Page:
Zinc helps balance immune response
Friday, February 15, 2013. On February 7, the journal Cell Reports published the findings of Daren Knoell and colleagues at Ohio State University (OSU) of an immune-regulating effect for the mineral zinc in sepsis, a systemic response to infection that frequently causes death in intensive care unit (ICU) patients. Zinc deficiency is estimated to occur in 40 percent of older individuals: a population that is also more likely to be admitted to the ICU.
In previous research conducted by Dr Knoell's laboratory, mice provided with zinc deficient diets exhibited high levels of inflammation in response to sepsis in comparison with mice given normal diets. However, deficient mice supplemented with zinc had less inflammation than their unsupplemented counterparts.
"The immune system has to work under very strict balance, and this is a classic example of where more is not always better," stated Dr Knoell, who is a professor of pharmacy and internal medicine at OSU. "We want a robust inflammatory response, which is part of our natural programming to defend us against a bug. But if that is unchecked, and there is too much inflammation, then it not only attacks the pathogen but can also cause much more collateral damage."
The current research involved human immune cells known as monocytes. In the immune response, a protein known as nuclear factor kappa-beta (NF-kB) is activated and enters the cell nucleus. Dr Knoell and colleagues report that this action triggers the expression of a gene that produces ZIP8, a zinc transporter, which locates to the cell wall where it facilities the entry of zinc from the blood. Zinc then binds another protein in the NF-kB pathway known as IKKB, which halts further activity, thereby preventing excessive inflammation such as occurs during sepsis. Experimentation involving zinc-deficient mice with sepsis confirmed the correlation between increased inflammation and reduced control of IKKB signaling. "The benefit to health is explicit: zinc is beneficial because it stops the action of a protein, ultimately preventing excess inflammation," Dr Knoell explained. "There are certainly other zinc targets in the cell, but we found evidence that zinc is brought in by ZIP8 to turn the pathway off by interacting with this protein at a specific region."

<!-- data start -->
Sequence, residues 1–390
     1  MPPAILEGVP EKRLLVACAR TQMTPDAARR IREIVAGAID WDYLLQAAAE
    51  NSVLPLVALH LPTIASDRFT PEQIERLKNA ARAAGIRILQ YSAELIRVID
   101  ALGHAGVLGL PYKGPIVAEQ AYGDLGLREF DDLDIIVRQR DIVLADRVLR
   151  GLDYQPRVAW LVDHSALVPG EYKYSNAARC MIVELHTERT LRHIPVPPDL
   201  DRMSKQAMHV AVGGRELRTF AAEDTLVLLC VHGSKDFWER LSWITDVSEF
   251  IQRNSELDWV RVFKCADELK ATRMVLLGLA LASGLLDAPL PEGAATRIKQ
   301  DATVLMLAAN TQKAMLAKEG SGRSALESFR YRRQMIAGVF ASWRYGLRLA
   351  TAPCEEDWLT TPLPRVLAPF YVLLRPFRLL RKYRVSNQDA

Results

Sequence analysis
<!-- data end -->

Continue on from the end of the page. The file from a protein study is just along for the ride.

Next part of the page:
"We do believe that to some extent, these findings are going to be applicable to other important areas of disease beyond sepsis," he remarked. "Without zinc on board to begin with, it could increase vulnerability to infection. But our work is focused on what happens once you get an infection – if you are deficient in zinc you are at a disadvantage because your defense system is amplified, and inappropriately so."
"We predict that not everybody in the ICU with sepsis needs zinc, but I anticipate that a proportion of them would," he continued. "Zinc is a critical element that we get from our diet, but we do not think we can give zinc and fix everything. Usually, if there is zinc deficiency, we would expect to see other nutrient deficiencies, too."
"We believe that our findings help to narrow an important gap that has existed in our understanding of how this relatively simple metal helps us defend ourselves from infection," he concluded. "There might be therapeutic implications about giving supplemental zinc in a strategic manner to help improve some people with certain conditions. But also, could we learn from this so someday we can be more diagnostic about who it is that needs zinc? And if so, what dose and for how long?"
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